Is the Cost of Advertising in the Super Bowl Good Business or an Ego Trip?

September 24, 2006 (PRLEAP.COM) Business News
The Super Bowl is replacing the Addy Awards as the Creative Awards Show where ad agencies, ad managers and television networks showcase their creativity to a huge audience which is believed to be viewing with higher attentiveness and involvement than usual. Research has even found that some viewers enjoy (some) of the commercials in the Super Bowl as much as the game itself.

But at $2.5 million per :30 spot in 2005, and $2.7 million in 2006— plus millions more to create spectacular effects commercials— can the Super Bowl possibly be cost effective? Or, is this media buy mostly an ego trip?

To help answer this question we interviewed Ron Geskey, CEO of 2020:Marketing Communications LLC, who is a consultant and publisher of the Thumbnail Media Planner and

Q: Why does Super Bowl advertising cost so much in relation to other media buys?

A: The short answer is, supply and demand; the networks will always charge as much as advertisers will pay. This year advertisers were willing to pay an average of $2.7 million for one :30 which is almost four times more than the rating justified. Budweiser had four spots which could have cost them $10 million, plus many millions more in commercial production and promotional programs. You need to add up all of the costs, not just the cost of the time.

Q: What would be Super Bowl be worth if it was a normal media buy?

A: It depends on what kind of programming and timing you benchmark it against. In 2004, the Super Bowl on CBS delivered an average household rating of 41.4, meaning that 41.4 percent of the nation's TV households were tuned to the Super Bowl at the 'average time.' Using the first quarter network TV costs found in the 2005 Thumbnail Media Planner, a spot in the Super Bowl, if priced like first quarter prime time, would sell for about $840,000 rather than $2.5 million. If a mix of other dayparts was included, 41 rating points could be purchased for much less than $840,000. Also, if the cost of special commercial production is included, the cost of running one Super Bowl spot could easily exceed $3.5 million, plus the cost of promotions which try to leverage the Super Bowl. Or looked at another way, a $3.5 million investment would buy over 200 rating points or nearly 12 four color pages in Time Magazine.

Q: Are there other factors which make the Blue Sky a good investment?

A: Clearly many advertisers with deep pockets think so. The reality is that the Super Bowl requires up to $2.8+ million in Blue Sky (media & production) for every spot purchased. Is it worth it?

Every sponsor will have to answer that question for themselves. To answer the question, I think it's important to visualize how that great commercial actually works in a media buy. First, the program generates a measured audience of households tuned at the average time. Depending on how much attention they are paying (or out of the room) and how involved they are in the program, will determine what percentage of the tuned audience will even be exposed to the commercial. In terms of attention levels (used as an indicator of the probablility that the commercial will be seen), it is unlikely that the Super Bowl will have higher attention levels than certain prime time shows which are in the 70-80% full attention range. Next, since program involvement is related to commercial recall, the Super Bowl would likely have an advantage over most alternative programming, but not all, especially good dramas. Finally, once the commercial is exposed to viewers who are watching with some degree of attention and involvement, the commercial breaks through and engages the audience in varying degrees. Recall tests have found above average scores in the Super Bowl for some brands and commercials, but not universally.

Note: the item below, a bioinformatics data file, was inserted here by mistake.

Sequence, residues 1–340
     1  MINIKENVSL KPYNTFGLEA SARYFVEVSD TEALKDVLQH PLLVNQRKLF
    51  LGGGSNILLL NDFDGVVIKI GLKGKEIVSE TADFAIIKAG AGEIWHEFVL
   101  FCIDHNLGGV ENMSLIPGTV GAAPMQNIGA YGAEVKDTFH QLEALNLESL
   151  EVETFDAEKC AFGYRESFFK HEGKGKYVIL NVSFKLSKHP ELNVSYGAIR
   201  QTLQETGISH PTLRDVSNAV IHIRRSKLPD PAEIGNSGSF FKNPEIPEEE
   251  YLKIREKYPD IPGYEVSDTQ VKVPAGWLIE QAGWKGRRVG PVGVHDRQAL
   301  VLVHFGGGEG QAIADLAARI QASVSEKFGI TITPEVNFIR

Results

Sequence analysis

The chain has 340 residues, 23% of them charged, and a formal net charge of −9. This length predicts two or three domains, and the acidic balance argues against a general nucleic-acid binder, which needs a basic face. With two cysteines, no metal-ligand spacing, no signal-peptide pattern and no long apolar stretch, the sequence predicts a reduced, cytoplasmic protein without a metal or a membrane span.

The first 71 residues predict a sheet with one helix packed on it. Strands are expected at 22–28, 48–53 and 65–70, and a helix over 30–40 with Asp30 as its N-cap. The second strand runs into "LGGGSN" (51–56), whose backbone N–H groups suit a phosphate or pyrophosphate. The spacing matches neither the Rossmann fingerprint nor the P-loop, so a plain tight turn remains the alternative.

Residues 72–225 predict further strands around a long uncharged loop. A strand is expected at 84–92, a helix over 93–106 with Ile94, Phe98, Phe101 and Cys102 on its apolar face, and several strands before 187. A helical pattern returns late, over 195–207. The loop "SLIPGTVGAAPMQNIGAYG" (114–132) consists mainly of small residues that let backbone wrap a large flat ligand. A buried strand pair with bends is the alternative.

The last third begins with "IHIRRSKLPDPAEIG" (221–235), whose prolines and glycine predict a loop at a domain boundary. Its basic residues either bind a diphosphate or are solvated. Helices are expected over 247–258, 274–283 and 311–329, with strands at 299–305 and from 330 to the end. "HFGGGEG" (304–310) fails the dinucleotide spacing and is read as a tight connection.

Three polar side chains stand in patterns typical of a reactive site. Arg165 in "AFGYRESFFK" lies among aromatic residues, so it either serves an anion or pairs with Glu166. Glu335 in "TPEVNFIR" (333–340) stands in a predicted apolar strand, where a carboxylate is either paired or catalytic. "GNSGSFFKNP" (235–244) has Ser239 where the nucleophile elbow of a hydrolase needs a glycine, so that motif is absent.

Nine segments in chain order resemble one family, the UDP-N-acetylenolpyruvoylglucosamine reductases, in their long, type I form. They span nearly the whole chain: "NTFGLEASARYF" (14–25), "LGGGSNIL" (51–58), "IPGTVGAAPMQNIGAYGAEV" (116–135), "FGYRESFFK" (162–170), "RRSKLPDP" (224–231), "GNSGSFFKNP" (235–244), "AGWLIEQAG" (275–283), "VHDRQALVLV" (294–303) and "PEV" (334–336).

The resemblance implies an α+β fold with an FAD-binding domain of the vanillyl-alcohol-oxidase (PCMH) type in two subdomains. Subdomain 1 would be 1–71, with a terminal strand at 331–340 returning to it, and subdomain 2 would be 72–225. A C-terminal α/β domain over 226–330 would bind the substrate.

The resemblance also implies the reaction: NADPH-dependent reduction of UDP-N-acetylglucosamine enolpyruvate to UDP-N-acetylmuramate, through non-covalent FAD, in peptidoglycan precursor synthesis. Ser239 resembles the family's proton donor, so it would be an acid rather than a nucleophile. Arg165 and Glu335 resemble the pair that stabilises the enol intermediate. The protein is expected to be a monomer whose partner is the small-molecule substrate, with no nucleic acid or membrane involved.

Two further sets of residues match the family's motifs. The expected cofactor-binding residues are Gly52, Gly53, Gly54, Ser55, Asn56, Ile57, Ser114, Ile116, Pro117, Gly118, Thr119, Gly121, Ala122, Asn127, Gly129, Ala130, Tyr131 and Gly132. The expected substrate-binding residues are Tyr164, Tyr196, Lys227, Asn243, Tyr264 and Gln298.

"Using projected prime time network TV costs from the Thumbnail Media Planner, we see that the $3.4 million investment in the Super Bowl would have purchased about 215 rating points in prime time shows— 5.3 times more. So, while the Super Bowl has a big rating, its price is extremely high in relation to its rating. If the Super Bowl was priced like prime time, it would have cost around $640,000 for time and production. So, just be aware that the 'blue sky' is $2.8 million per spot in the Super Bowl. (Blue Sky is like the value of good will). So the question is whether there is other communications or marketing value associated with this media buy which is worth a premium of $2.8 million per :30 spot.

Will a larger percentage of potential viewers actually see your commercial in the Super Bowl than in prime time? Not necessarily, although attention levels differ among prime time shows and the Super Bowl.

Are Super Bowl commercials just better and more effective? Not necessarily, studies of last year's spots did not find high average performance.

Does the environment of the Super Bowl enhance the communication of the commercial in some way? Some studies have found that spots in the Super Bowl can have above average recall. Other studies have found no lift in effectiveness due to the hyped environment.

If commercial recall in the Super Bowl is a high 50% above average and promotional activities provide another 50% lift, advertising in the Super Bowl is pretty hard to justify with logic.

So it must be the egos of advertisers and their agencies who like the showcase the Super Bowl provides for their creative work? Hmmm.